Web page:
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Letter: Discovery of graves a rude awakening

Not once were the Indigenous people given a choice

Discovery of graves a rude awakening

It seems that lately bad news inundates our newspapers. Not a day goes by without news that shakes us to the bones and thank goodness that once in a while something nice happens, such as the hiker found on Mt. Garibaldi. I’m sure there are more very nice things happening, but the bad ones are often stuck in my mind.

No sooner did I figure out the COVID directives from the Ministry of Health, then a heat wave hit us and sadly some people couldn’t cope with it. Then there was this huge forest fire in Lytton and unexpected floods in many countries across the world. Other natural disasters followed, but were trumped by the news of two successful launchings of aerospace vehicles.

Amid all this, Canada got a rude awakening, when hundreds unmarked graves of Indigenous children were discovered on previous residential school grounds. Most of us were stunned by the news and speculations were flying around as to what caused these children to pass away and why the graves were unmarked.

I came across a letter in the Times Colonist written by somebody who went to a residential school. The gentleman surmised that some of the children succumbed due to the change in diet, childhood illnesses introduced by the Europeans, homesickness and not being able to adjust to the many changes in their young lives. He also suggested that the graves at one time were marked with wooden crosses that deteriorated over the years. One can find this happening at most graveyards where headstones are not commonly used

I’m sure it must have been heartbreaking for the parents and extended families of these children to find out that they were not coming home. Heartbreaking in the first place that these children were taken from their environment and placed far away from anybody and anything they knew; having to get used to a different lifestyle, food, religion, speech and rules.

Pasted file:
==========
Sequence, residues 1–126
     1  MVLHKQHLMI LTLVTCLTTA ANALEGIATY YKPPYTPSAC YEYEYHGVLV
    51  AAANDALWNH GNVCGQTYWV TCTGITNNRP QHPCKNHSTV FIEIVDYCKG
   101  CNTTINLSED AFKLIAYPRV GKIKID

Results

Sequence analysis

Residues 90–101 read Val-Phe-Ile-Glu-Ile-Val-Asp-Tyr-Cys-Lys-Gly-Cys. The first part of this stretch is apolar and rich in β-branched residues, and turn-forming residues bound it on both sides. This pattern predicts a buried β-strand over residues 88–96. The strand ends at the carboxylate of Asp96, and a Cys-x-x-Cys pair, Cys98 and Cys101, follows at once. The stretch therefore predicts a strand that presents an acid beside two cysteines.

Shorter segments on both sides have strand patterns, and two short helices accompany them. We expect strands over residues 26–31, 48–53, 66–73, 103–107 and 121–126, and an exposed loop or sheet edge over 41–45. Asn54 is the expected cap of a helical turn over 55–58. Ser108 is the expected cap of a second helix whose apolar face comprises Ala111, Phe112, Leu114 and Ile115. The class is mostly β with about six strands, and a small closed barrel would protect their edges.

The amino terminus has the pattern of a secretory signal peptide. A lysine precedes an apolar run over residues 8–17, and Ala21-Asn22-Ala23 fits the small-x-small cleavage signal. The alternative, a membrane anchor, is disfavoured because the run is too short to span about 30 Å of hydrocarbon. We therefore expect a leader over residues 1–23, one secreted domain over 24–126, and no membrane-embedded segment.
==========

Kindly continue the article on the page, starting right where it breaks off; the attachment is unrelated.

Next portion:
The government of those days may have thought to do good by the Indigenous people and the churches too may have felt that they did God’s work by “saving” these folks, but not once were the Indigenous people given a choice. I’m not sure that we can hold our current government responsible for these horrendous practices. I can only hope they will learn from these mistakes as they enter into meetings with the chiefs. As for the churches, it’s time for them to stop protecting those who abused their positions of trust and care. We can’t punish those from decades ago, but we can demand that the heads of churches no longer protect the abusers.

I’ll wait for the forensic reports, so I know who these children were and what really happened to them. I will never condone the vandalism done to statues and buildings. I can understand the anger and disgust some people feel, but it is not very conducive to a better relationship if one retaliates. Instead, let’s listen to each other and talk to find ways to support each other with meaningful and long lasting solutions rather than the “band aides” often given so far. Let’s demand accountability from all parties involved in these meetings.

Let’s do this in memory of all the people, regardless of origin, religion, age, gender or station in life, that have fallen between the cracks.

Judy van der Boom

Mill Bay

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